To confirm significant market highs require negative weekly chart profiles. The major averages have rising or overbought 12x3x3 weekly slow stochastic readings and they need to be declining to confirm market highs. There also needs to be weekly closes below the five-week modified moving averages and last week close on Dow Industrials was below its five-week MMA at 16158. The others were above at; 1837.1 S&P 500, 4226 Nasdaq, 7385 Dow Transports and 1166.48 Russell 2000.

Given negative weekly charts the downside is to annual value levels at 14835 and 13467 Dow Industrials, 1539.1 and 1442.1 S&P 500, 3471 and 3063 Nasdaq, 6249 and 5935 Dow Transports and 966.72 and 879.39 Russell 2000.

The downside risks from Friday's closes to the lowest annual value levels are: 16.2% Dow Industrials, 21.7% S&P 500, 27.9% Nasdaq, 20.6% Dow transports and 25.6% Russell 2000.

If these levels are tested before year-end the bulls must buy the bears fresh picnic baskets.

At the time of publication the author held no positions in any of the stocks mentioned.

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This article represents the opinion of a contributor and not necessarily that of TheStreet or its editorial staff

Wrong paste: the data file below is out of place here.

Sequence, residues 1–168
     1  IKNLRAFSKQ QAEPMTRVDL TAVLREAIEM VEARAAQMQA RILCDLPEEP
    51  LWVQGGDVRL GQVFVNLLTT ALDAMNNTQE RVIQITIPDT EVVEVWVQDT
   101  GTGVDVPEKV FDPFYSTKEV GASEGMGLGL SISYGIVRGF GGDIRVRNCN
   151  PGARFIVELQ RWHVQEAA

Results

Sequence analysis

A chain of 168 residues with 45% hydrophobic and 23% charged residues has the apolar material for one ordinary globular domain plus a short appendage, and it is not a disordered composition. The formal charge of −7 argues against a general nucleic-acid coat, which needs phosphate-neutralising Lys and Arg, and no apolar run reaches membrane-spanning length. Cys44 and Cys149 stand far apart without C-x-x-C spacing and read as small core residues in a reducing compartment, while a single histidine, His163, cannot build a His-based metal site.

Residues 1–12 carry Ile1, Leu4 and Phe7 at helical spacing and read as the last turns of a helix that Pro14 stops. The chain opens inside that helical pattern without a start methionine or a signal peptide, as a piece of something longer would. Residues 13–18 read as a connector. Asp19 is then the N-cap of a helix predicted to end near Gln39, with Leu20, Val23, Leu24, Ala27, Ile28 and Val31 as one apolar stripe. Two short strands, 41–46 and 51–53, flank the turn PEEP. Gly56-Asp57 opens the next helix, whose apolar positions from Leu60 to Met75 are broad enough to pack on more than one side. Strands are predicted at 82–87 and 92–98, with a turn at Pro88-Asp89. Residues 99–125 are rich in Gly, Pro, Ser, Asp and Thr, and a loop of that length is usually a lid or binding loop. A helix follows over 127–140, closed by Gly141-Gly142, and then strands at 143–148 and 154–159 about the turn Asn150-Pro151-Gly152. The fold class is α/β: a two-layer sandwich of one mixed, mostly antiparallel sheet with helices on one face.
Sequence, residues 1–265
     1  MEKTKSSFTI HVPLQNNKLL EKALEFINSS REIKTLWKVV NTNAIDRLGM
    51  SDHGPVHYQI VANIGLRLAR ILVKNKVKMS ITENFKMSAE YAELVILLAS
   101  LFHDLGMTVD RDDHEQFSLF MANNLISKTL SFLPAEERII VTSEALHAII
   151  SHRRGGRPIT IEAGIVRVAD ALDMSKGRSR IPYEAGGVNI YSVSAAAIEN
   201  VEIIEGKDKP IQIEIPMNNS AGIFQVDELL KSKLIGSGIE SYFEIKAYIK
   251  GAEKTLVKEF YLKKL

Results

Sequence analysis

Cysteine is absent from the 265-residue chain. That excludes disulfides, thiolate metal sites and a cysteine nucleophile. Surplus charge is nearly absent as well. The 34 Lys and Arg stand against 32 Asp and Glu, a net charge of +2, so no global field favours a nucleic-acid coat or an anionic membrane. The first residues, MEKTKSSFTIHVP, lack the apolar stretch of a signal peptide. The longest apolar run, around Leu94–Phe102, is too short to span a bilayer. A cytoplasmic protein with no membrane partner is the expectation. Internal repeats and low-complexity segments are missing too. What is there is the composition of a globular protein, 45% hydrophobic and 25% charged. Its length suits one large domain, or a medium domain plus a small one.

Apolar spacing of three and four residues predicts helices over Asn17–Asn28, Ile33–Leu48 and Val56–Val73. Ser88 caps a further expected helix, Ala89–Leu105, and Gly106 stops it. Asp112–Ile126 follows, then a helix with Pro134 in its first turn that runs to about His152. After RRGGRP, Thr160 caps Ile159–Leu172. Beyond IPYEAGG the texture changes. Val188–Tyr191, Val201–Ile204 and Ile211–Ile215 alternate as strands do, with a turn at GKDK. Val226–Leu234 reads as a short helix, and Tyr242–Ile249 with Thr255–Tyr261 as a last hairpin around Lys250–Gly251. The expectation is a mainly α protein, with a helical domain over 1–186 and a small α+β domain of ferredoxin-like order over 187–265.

Richard Suttmeier is the chief market strategist at ValuEngine.com. He has been a professional in the U.S. Capital Markets since 1972, transferring his engineering skills to the trading and investment world.

Suttmeier has an engineering degree from Georgia Tech and a Master of Science degree from Brooklyn Poly. He began his career in the financial services industry in 1972 trading U.S. Treasury securities in the primary dealer community. He became the first long bond trader for Bache in 1978, and formed the Government Bond Department at LF Rothschild in 1981, helping establish that firm as a primary dealer in 1986. This experience gives him the insights to be an expert on monetary policy, which he features in his newsletters, and market commentary.

Suttmeier's industry licenses include, Series 7 and Registered Principal (Series 24). He has been the Chief Market Strategist for ValuEngine.com since 2008 and often appears on financial TV.

Click here for details on Suttmeier's "Buy and Trade" investment strategy.

Richard Suttmeier can be reached at RSuttmeier@Gmail.com